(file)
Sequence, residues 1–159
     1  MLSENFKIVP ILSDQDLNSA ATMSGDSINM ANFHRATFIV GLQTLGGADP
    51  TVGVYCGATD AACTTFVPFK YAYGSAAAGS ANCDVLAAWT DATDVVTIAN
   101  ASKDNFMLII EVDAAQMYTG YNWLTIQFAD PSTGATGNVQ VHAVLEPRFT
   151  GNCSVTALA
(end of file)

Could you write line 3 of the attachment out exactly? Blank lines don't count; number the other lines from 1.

    51  TVGVYCGATD AACTTFVPFK YAYGSAAAGS ANCDVLAAWT DATDVVTIAN